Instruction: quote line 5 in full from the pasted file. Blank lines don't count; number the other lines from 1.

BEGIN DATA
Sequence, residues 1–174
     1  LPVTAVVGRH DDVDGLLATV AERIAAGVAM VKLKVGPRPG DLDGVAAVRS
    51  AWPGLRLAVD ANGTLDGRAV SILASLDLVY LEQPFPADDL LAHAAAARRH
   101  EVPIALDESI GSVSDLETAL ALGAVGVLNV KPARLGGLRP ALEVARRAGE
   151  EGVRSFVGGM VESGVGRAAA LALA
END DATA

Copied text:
   151  EGVRSFVGGM VESGVGRAAA LALA